With technology comes new tools for writers to edit, arrange their content, or move through a creative block. We’ve compiled a list of the best writing apps.

With so many new apps hitting the market all the time, it makes sense that a few of them cater to the writers of the world. After all, writing permeates business, entertainment, and social media. Some people will look for technical solutions for improving their craft.

While apps like Evernote or Google Analytics help you stay organized or track performance, they aren’t geared at writing specifically. So let’s dive in and look at the best writing apps that do focus on writing itself.


Copyediting poses one of the biggest challenges for writers of all stripes. You often see what you meant to write, rather than what actually appears on the page. Even if you use something like a letter template to get the structure right, grammar can still bite you.

Grammarly offers both free and paid versions of its software. The free version catches most typos and basic grammar problems, like subject-verb agreement. Think of it as a sanity check for your writing.


Few things discredit a writer faster than plagiarism. If you freelance, you risk putting your clients’ website ranking in jeopardy for duplicate content.

Copyscape is the go-to plagiarism checker most businesses use for online content. The good news is that you can sign up for an account and check your own content before you submit it.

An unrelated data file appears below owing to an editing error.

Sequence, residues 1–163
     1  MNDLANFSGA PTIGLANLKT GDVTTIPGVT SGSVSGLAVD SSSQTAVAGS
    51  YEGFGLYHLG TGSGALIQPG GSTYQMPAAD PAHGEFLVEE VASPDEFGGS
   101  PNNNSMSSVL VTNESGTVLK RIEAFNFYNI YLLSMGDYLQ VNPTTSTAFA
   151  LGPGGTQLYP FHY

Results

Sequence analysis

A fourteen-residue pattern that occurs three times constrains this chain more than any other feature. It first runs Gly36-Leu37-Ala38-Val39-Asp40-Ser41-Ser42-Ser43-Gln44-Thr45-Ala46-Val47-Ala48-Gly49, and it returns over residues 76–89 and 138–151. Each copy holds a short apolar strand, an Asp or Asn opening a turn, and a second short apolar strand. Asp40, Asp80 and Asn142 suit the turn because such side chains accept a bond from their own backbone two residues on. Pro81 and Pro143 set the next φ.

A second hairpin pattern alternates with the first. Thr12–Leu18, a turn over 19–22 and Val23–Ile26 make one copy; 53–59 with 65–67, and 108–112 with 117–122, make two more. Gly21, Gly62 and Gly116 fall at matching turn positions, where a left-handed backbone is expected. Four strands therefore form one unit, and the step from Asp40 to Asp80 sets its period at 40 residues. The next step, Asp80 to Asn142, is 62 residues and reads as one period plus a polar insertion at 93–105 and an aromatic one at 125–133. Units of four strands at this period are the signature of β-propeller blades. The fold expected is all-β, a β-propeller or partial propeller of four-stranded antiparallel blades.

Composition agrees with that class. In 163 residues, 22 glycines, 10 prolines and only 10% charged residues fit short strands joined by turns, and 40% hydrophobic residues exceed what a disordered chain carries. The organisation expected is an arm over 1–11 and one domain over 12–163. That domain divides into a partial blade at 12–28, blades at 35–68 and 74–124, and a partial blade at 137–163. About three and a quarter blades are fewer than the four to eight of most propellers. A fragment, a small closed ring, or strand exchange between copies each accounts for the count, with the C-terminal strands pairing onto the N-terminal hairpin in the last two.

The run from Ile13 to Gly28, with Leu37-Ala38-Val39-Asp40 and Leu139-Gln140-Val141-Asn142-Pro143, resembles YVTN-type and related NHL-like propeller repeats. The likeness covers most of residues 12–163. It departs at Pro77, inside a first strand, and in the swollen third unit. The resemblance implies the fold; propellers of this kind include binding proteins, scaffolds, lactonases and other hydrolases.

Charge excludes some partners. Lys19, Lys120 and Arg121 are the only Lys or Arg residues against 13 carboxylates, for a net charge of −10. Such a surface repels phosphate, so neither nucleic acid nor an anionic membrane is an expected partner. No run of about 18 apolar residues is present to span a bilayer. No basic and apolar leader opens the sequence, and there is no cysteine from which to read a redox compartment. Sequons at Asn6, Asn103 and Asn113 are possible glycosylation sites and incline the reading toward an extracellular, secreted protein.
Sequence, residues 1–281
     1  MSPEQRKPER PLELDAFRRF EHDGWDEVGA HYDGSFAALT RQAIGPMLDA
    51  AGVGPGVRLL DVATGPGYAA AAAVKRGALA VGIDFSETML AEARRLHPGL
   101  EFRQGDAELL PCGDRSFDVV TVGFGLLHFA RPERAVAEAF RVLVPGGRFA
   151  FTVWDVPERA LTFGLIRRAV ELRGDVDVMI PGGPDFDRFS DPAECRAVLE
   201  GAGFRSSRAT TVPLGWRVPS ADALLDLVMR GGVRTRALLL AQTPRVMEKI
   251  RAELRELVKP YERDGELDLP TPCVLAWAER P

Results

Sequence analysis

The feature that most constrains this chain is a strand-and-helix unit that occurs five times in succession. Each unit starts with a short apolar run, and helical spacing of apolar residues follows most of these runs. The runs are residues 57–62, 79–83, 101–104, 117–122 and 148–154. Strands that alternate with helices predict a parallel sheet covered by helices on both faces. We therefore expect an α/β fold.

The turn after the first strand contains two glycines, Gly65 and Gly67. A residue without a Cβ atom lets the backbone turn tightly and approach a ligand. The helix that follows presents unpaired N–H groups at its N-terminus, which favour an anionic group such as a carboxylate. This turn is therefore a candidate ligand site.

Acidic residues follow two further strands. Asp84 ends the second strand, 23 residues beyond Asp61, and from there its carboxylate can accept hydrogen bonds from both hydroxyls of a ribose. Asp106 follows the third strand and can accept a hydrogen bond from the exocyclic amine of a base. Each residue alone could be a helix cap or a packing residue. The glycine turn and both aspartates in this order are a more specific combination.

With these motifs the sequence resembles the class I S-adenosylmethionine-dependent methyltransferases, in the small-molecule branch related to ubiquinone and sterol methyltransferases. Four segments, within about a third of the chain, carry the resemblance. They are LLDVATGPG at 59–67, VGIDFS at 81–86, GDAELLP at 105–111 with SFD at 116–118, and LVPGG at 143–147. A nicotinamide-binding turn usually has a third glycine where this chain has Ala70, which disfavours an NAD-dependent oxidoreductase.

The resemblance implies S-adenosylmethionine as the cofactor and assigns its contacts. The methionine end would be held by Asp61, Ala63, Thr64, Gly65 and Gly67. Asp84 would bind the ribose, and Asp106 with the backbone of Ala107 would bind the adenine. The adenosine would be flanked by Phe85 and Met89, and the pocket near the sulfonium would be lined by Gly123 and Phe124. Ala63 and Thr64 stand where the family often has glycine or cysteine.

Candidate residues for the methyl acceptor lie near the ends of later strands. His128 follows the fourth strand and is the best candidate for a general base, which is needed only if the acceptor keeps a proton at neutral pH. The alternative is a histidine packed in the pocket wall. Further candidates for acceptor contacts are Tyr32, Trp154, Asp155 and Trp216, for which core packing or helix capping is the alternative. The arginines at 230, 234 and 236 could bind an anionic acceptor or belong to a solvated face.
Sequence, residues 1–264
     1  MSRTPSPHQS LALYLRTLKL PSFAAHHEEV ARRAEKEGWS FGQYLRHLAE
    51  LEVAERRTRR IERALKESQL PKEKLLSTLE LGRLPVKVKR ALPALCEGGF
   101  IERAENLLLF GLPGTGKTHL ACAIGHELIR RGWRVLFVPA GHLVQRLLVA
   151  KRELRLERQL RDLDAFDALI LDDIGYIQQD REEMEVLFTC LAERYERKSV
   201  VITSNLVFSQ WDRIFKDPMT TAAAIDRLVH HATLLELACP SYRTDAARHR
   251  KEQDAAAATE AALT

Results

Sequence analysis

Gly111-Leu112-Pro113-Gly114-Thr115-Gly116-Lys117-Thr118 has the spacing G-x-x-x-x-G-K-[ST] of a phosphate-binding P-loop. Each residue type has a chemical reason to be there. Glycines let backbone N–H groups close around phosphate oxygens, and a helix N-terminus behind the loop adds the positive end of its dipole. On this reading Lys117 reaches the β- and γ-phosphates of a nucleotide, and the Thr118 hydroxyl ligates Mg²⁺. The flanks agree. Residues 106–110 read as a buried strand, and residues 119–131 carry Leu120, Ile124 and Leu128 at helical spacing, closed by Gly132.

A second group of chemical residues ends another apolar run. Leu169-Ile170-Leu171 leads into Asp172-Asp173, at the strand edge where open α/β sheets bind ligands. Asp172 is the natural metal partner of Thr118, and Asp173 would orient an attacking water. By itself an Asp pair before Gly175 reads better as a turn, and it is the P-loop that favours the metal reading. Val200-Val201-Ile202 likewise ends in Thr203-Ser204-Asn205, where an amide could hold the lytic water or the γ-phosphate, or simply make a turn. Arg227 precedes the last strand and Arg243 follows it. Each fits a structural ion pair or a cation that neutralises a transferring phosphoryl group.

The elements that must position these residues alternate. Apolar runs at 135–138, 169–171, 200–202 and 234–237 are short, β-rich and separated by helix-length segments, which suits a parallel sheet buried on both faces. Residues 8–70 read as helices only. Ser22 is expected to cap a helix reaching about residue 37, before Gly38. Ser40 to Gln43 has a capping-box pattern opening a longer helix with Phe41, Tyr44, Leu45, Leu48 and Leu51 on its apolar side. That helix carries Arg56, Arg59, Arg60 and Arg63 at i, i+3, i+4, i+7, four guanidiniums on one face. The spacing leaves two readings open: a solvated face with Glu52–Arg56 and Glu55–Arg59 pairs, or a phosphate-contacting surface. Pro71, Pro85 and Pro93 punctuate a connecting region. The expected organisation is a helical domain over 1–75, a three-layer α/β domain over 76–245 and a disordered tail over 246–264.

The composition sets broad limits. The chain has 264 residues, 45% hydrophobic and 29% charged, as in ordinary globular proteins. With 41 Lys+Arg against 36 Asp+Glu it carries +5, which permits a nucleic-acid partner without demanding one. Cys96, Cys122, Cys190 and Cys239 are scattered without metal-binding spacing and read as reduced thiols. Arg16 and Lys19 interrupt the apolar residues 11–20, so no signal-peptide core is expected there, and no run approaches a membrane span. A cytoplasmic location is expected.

Google Docs

In a world of remote teams, you need a good way for multiple parties to work on a document. Google Docs offers all the essential word processing features you need for basic document building. It’s also accessible from almost anywhere with a broadband Internet connection.

Just as importantly, it lets you and your teammates work asynchronously. Let’s say that you work remotely from Miami writing copy for a perfume company in Germany. Your Berlin-based co-workers get off work long before you wrap up for the day, but they can see your new work in Google Docs in the morning.


Scrivener is less of an app than an all-in-one writing suite. It includes a very powerful word processing component, a component for note/research organization, and even productivity features.

While probably overpowered for basic blogging or web article writing, it’s ideal for longer projects likes books. The note/research organization component makes it especially useful for non-fiction books.

Final Draft

For the aspiring screenwriter, it’s a foregone conclusion that you’ll need Final Draft sooner or later. It’s generally considered the industry standard for writing screenplays and scripts for TV shows.

The software largely automates the formatting. It also gives you a beat board, which functions a lot like a digital inspiration board that you fill with random ideas or related images.

Parting Thoughts on the Best Writing Apps

At some level, picking the best writing apps depends on your tasks or goals. Apps like Scrivener and Google docs offer all-purpose solutions, but Final Draft, Copyscape, and Grammarly focus on specific kinds of elements of writing.

Of course, once you write your content, you want people to hear about it. Check out our post on social media marketing apps for help in getting the word out.